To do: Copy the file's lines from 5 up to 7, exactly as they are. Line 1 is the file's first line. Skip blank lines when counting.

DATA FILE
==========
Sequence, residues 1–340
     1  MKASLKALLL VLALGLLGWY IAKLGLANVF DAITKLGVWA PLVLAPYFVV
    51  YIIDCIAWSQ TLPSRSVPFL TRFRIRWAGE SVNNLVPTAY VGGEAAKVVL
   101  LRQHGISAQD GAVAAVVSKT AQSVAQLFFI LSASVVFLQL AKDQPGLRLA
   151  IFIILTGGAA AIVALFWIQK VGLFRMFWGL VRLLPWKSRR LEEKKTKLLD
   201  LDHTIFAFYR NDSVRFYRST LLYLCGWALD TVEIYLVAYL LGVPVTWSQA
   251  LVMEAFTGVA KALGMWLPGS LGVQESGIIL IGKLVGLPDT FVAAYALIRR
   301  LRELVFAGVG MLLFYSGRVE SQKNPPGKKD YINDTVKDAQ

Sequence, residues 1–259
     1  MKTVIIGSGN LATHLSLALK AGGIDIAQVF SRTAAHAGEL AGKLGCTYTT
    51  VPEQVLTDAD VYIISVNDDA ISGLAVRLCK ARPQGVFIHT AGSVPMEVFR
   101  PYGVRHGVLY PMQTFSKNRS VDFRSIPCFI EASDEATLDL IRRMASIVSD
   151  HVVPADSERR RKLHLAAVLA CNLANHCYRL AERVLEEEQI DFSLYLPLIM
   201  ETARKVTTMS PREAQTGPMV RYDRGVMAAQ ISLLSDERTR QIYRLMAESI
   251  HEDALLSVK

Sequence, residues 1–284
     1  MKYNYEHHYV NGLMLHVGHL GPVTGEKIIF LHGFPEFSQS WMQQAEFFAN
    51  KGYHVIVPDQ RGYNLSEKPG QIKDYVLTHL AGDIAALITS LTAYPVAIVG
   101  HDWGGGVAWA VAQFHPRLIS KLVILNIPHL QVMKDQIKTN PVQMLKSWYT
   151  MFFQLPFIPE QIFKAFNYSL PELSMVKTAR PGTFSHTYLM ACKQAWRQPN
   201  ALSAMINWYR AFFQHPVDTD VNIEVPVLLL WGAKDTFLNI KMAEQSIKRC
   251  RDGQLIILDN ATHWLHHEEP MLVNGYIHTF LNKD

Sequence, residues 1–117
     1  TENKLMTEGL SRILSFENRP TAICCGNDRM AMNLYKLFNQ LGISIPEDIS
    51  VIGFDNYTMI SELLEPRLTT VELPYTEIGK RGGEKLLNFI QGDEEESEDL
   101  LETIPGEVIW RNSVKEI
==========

   151  IFIILTGGAA AIVALFWIQK VGLFRMFWGL VRLLPWKSRR LEEKKTKLLD
   201  LDHTIFAFYR NDSVRFYRST LLYLCGWALD TVEIYLVAYL LGVPVTWSQA
   251  LVMEAFTGVA KALGMWLPGS LGVQESGIIL IGKLVGLPDT FVAAYALIRR